Reid unveils economic plan

Senate Majority Leader Harry Reid, D-Nev., said Wednesday that Congress has acted to help Wall Street but must do more to provide assistance to the middle class.

Reid called for extending unemployment benefits, expanding home energy assistance, creating jobs with federally funded public works projects, assisting states that face budget shortfalls and making bankruptcy relief accessible to homeowners facing foreclosure. He said the Senate would take up the package of Democratic proposals after the Nov. 4 election.

Reid noted that the plans parallel those announced earlier by the Democratic presidential nominee, Barack Obama, "who deserves credit for leading the national discussion with a steady hand during this challenging time."

Action, he said, cannot wait until the next president is inaugurated and the next Congress begins. "Sixty days is a lot of days when you’ve got foreclosure staring you in the face, when you’ve got unemployment staring you in the face," he said at a news conference presenting the proposals at a library on Flamingo Road in Las Vegas.

Nevada, Reid noted, has especially high rates of foreclosures and unemployment. One recent analysis found Nevada was harder hit than any other state by the current recession.

With so many people out of work, Reid said, unemployment benefits should be made available for longer periods of time and exempted from income tax. Meanwhile, he said "good-paying jobs" could be created by the federal government with a massive infusion of funding to transportation infrastructure programs, putting people to work repairing roads and bridges.

Reid’s office put the price tag for the public-works proposal at around $150 billion.

Some conservatives oppose such dramatic increases in government spending in a time of economic difficulty.

Reid said government jobs create a multiplier effect, increasing the pool of taxpayers and the service economy that surrounds them. "Frankly, we make money on the deal, the federal government makes money on the deal," he said, pointing to the Hoover Dam and the Nevada Test Site as federally funded undertakings that expanded Nevada’s economy.

Further, he said, recent events have ratified the need for government as an oversight body and safety net. "I think we’ve come to the realization, in this modern world, that when something bad happens like 9/11, where do you turn?" he said. "There are other places to turn. In fact, I can think of three: your family, whatever your god is and government. Government hasn’t been involved much in recent years. We’ve got to get government back in, taking part in people’s lives."

Even conservative Republicans, he said, are now calling for better regulation of Wall Street and some industries.

Reid’s proposals also include allowing people who own only one home to get the same bankruptcy relief that those with multiple homes do. "If you have seven homes — I just happened to pick that number out of the air — you can get relief for six of them," he said, in an implied jab at Republican presidential nominee John McCain, whose family is reported to own seven residential properties.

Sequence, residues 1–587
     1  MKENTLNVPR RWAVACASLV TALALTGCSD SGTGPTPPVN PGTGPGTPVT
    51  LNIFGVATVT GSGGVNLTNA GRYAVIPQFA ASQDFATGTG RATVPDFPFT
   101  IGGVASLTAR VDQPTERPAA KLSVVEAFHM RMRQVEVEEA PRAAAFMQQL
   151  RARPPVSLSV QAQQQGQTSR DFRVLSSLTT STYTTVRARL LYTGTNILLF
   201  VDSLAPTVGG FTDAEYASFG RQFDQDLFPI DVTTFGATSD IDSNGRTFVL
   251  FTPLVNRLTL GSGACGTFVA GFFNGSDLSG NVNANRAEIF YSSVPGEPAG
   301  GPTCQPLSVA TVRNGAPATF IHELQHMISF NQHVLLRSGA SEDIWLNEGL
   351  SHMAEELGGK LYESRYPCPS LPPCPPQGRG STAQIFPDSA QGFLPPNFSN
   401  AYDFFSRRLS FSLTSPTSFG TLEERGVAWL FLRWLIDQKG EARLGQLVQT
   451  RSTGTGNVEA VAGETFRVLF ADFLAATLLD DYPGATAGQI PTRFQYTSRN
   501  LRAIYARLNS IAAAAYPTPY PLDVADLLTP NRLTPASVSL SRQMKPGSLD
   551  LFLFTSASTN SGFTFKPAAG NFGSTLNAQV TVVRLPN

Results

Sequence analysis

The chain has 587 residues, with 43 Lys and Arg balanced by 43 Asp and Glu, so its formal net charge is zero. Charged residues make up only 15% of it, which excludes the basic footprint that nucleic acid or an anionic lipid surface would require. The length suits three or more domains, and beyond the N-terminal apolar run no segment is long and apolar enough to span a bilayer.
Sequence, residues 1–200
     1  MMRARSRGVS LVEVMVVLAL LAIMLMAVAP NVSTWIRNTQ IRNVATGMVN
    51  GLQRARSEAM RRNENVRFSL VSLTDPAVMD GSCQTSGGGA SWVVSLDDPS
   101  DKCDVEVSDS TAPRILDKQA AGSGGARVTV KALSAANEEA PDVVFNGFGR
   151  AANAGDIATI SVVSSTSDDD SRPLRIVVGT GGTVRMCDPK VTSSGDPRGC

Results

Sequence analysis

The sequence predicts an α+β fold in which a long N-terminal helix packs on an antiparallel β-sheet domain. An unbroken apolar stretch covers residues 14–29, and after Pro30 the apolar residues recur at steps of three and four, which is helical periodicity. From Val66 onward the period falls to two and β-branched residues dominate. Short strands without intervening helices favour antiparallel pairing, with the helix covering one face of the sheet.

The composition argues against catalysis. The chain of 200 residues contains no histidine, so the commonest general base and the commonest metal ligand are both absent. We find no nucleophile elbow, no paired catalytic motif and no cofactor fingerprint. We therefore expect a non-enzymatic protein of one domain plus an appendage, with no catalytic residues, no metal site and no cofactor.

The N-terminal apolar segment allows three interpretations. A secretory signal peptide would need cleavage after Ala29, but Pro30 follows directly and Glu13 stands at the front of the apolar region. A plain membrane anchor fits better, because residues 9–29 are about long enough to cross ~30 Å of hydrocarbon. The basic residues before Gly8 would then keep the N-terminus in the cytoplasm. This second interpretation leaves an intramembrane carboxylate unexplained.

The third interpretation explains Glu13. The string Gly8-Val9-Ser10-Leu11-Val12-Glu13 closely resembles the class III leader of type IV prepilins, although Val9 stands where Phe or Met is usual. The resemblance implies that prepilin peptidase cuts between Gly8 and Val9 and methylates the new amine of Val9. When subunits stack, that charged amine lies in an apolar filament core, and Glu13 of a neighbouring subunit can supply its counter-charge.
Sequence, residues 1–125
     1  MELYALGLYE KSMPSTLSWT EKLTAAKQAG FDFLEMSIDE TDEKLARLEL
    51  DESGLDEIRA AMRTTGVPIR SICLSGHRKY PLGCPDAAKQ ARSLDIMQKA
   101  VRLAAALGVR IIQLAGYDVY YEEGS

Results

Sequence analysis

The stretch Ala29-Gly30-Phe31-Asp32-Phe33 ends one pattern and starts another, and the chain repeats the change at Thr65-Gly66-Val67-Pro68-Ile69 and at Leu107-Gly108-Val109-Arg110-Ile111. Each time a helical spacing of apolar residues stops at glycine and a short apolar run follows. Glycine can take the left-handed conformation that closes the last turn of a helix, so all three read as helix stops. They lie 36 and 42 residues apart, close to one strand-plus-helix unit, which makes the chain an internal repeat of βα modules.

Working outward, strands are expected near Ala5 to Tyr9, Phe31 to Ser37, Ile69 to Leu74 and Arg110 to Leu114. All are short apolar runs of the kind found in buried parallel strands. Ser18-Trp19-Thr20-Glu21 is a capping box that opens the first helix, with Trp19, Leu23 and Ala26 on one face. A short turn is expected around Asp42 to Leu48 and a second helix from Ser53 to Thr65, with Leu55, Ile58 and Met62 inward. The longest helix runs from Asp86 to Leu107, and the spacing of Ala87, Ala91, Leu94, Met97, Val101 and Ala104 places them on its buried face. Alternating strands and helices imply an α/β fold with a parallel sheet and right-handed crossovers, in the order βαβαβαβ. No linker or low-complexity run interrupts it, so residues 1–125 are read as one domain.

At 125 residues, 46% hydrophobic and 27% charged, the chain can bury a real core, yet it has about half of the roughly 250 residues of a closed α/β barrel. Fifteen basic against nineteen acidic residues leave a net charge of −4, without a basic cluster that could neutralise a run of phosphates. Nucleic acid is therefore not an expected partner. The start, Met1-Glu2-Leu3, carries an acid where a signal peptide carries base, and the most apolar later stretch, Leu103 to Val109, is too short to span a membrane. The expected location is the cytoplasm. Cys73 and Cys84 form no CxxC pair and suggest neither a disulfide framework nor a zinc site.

Asked whether his proposals stand a chance of being approved by President Bush, Reid alluded to the fact that the election is expected to result in major Democratic gains in both houses of Congress, which he suggested would give a mandate to the party’s ideas. "I think he’s (Bush) going to have to think twice," Reid said.

Reid noted that the Republicans’ leader in the House of Representatives, John Boehner of Ohio, recently expressed support for measures to stimulate the economy.

Boehner has proposed alternative economic measures, but has called Democrats’ plans to spend more to fix the economy "pork-barrel spending masquerading as ‘stimulus.’"

Reid was accompanied at the news conference by state Treasurer Kate Marshall, who spoke to the effects the financial crisis is having on Nevada, as well as three Las Vegans who testified to the fallout they’re experiencing.

Carolyn Essex, 48, said she and her husband were victims of a foreclosure scam on a house they believed they were renting to own.

Aaron Schropp, 29, said the restaurant he founded a year ago, the Canvas Cafe, has struggled because people don’t have discretionary income to spend.

High-school teacher Isaac Barron, 39, said his house has lost more than $100,000 in value, while his middle-class neighborhood has been decimated by foreclosures.

A spokesman for the Republican National Committee responded to Reid’s proposals by saying Democrats such as Obama haven’t shown leadership to fix the economy.

"Last week John McCain addressed the root of the financial crisis by assuring Americans that in a McCain administration the economic rescue package would directly benefit Main Street and bring stability back to markets," Bill Riggs said.

Contact reporter Molly Ball at mball @reviewjournal.com or 702-387-2919.

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